Self-injury affects people of all genders, ages and backgrounds.
It can be many things that people do to themselves in a deliberate and often hidden way like cutting, burning, overdosing, scratching, biting, hair pulling and breaking bones.
Sometimes people think they are the only ones doing it but research shows that the UK has one of the highest rates of self-harm in Europe, with 400 in every 100,000 people harming themselves. These numbers are based on those those that go to hospital or to their GP and as lots of people don’t seek help there are many more people that self injure than are counted in these official figures.
Why do people self-injure?
People self-injure for all sorts of reasons, but often it is because feelings like anger, sadness and fear have got too painful to deal with.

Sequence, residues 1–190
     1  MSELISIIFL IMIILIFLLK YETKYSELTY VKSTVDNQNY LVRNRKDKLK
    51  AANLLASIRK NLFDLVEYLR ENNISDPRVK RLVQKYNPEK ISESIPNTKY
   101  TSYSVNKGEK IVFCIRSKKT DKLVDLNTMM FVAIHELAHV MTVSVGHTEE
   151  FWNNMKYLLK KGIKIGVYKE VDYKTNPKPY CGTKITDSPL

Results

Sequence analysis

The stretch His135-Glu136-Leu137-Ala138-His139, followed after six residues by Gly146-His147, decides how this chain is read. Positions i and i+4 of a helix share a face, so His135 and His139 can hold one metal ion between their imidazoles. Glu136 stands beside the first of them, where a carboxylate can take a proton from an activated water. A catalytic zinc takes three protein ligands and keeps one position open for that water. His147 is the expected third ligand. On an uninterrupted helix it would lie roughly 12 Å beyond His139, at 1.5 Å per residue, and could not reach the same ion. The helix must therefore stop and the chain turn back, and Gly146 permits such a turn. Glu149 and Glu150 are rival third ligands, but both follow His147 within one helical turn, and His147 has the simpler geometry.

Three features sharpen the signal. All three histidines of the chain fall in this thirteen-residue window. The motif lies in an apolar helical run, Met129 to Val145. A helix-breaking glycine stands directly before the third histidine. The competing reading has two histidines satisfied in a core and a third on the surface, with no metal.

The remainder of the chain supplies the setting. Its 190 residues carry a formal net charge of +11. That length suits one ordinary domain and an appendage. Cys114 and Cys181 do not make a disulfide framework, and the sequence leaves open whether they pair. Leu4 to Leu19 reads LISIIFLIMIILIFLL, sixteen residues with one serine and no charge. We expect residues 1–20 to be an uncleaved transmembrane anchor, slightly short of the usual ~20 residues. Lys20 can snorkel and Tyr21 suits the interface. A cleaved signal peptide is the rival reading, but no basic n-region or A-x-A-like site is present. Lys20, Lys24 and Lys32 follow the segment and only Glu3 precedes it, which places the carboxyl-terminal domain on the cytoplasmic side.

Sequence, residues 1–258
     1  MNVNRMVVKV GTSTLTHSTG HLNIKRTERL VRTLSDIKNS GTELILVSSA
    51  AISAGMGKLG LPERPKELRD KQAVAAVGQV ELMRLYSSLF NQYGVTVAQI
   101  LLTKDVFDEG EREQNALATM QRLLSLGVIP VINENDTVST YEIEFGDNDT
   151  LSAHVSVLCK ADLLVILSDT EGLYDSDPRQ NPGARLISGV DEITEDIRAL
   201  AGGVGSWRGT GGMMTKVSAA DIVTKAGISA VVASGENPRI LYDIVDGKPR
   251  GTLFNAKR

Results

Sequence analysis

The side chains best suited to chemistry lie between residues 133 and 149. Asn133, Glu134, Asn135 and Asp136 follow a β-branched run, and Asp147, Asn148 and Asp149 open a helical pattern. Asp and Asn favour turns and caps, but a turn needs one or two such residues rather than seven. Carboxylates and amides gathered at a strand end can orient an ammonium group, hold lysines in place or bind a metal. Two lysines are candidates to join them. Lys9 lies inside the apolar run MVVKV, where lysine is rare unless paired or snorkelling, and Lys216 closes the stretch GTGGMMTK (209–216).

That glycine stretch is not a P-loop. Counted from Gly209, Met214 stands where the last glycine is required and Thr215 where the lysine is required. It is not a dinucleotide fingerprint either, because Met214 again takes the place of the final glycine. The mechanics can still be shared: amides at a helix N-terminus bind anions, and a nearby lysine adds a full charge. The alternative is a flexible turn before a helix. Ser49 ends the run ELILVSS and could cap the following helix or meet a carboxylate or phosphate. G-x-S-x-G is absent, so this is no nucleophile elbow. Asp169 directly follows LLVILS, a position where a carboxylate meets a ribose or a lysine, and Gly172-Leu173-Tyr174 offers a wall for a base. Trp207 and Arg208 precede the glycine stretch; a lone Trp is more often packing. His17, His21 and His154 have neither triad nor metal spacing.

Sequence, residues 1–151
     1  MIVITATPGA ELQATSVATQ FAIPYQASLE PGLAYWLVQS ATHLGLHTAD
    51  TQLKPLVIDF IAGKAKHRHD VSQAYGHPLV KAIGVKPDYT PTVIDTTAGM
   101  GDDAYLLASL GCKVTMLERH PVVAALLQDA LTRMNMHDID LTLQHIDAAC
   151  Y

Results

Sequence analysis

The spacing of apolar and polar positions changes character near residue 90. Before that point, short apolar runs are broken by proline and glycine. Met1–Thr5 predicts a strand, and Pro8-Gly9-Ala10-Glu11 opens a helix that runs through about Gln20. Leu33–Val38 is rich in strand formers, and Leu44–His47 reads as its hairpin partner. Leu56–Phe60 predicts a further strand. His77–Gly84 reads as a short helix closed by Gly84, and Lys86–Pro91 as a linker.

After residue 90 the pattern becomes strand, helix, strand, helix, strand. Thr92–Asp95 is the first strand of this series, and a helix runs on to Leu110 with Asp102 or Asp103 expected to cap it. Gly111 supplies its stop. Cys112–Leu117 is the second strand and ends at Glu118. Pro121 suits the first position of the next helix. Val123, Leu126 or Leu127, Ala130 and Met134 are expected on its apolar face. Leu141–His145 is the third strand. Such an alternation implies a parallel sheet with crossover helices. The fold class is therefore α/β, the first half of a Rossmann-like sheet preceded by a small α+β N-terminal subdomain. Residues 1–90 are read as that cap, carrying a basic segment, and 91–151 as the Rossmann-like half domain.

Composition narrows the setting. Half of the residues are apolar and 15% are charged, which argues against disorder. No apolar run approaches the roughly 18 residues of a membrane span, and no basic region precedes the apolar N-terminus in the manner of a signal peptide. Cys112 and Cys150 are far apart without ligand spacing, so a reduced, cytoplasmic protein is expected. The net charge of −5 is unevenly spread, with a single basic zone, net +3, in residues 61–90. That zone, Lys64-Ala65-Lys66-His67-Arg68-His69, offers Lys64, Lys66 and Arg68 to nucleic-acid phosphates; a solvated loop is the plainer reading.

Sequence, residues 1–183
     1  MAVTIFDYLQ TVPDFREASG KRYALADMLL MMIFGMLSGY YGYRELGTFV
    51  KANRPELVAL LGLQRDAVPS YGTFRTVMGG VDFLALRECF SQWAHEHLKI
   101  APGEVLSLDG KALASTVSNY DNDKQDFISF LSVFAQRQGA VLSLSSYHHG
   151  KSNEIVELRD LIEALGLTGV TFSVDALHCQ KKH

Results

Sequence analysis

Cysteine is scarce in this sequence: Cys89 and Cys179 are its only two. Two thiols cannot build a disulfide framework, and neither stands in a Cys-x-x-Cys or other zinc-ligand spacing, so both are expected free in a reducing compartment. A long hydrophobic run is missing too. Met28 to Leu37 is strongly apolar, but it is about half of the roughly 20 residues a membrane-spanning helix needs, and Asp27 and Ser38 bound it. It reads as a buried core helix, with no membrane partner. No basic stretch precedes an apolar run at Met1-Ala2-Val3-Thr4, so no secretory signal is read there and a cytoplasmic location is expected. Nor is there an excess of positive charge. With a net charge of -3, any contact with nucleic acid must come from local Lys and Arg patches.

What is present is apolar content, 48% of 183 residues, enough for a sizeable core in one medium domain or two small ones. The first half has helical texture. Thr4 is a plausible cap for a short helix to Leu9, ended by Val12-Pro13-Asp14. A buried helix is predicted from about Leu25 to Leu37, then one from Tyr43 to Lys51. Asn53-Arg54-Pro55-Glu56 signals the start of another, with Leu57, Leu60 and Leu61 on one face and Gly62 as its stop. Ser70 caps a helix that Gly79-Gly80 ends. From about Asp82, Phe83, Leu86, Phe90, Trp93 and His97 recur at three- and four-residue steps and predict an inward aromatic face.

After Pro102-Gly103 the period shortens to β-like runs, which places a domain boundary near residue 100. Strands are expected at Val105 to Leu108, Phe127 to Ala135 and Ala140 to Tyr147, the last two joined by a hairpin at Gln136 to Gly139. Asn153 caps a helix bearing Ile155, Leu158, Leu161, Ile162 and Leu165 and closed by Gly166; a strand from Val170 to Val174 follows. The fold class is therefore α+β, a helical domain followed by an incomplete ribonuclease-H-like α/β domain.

Sometimes people self injure because of pressure and stress from things like relationships, family problems, school, sexual worries or as a way of dealing with horrible situations like abuse or the death of someone close.
You may not know why you self-injure. If you think back to the first time, then you may understand what made you start.
Notice what is going on for you when you get the urge to self-injure and you may get clues as to what your self-injury is about.
What we do
As a charity we are registered to work with women and girls and we fully understand that men self injure too. We provide training and resources for all and work in partnership with organisations that provide support to all genders. There is lots of information that everyone will find helpful on our website in the TESS pages here and in our Resource Hub here. There is a list of local and national organisation and support help groups here.